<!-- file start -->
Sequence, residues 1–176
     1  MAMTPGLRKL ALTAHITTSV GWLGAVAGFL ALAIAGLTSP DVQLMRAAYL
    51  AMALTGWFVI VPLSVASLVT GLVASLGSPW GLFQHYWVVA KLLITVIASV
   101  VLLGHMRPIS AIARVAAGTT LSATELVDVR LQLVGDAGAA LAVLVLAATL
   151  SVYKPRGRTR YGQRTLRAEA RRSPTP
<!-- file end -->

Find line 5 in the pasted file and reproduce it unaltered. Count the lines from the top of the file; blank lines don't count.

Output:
   151  SVYKPRGRTR YGQRTLRAEA RRSPTP